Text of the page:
Restless Legs Syndrome in Pregnancy: A Systematic Review

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dc.contributor.author Padgett, Carley
dc.date.accessioned 2014-05-08T14:05:07Z
dc.date.available 2014-05-08T14:05:07Z
dc.date.issued 2014-05-08
dc.identifier.uri http://hdl.handle.net/11347/19
dc.description.abstract This systematic review examines the prevalence and current treatment options of restless legs syndrome in pregnancy and makes recommendations for future practice by analyzing twenty-one, peer-reviewed, scholarly research studies. Restless legs syndrome is a disorder manifested by the strong urge to move one’s legs often accompanied by paresthesia that is alleviated only by movement. Restless legs syndrome can manifest idiopathically or as a result of a condition such as pregnancy. Pregnancy-induced restless legs syndrome is expressed in about thirty percent of pregnant women with worsening symptoms in the third trimester. Affected pregnant women are often undiagnosed due to the transient nature of the disease. Subsequently, treatment is often bypassed for lack of a diagnosis. When treatment is used, it includes nutritional therapy, heat, massage, relaxation, and some pharmaceuticals. Recommendations for future practice include the following: identification of risk factors, correct diagnosis of the disease with reassurance of low risk to the fetus, increased folate intake, relaxation techniques including distraction, massage, and heat, and pharmacological measures with extreme caution for cases that could produce potential harm to the mother or fetus.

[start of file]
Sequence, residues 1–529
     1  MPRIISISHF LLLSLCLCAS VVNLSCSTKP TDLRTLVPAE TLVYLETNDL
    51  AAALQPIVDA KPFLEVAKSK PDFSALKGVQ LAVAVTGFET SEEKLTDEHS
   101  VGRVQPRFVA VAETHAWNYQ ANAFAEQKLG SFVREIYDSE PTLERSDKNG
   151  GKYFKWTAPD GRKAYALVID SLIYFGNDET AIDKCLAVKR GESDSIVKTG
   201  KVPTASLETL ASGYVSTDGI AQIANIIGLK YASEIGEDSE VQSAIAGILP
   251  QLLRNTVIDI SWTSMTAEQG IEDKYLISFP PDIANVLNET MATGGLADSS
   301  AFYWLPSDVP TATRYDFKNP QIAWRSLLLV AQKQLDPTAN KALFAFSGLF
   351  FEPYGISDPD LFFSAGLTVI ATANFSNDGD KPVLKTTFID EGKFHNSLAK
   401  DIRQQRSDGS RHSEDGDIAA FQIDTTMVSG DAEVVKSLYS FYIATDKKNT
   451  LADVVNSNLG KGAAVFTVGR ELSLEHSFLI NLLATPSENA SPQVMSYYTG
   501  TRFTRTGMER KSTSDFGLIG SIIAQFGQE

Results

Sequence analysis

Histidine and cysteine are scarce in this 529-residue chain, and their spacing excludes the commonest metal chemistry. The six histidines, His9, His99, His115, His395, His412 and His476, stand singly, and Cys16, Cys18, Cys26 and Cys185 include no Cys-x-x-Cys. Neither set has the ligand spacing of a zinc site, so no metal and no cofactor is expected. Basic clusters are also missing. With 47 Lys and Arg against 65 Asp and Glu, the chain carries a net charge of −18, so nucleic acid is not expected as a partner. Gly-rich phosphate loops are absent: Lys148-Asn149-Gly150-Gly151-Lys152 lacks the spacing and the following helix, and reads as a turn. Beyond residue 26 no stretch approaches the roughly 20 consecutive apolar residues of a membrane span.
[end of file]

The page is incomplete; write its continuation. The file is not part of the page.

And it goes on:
dc.language.iso en_US en_US
dc.title Restless Legs Syndrome in Pregnancy: A Systematic Review en_US
dc.type Thesis en_US
dcterms.publisher Robert Morris University Honors Program


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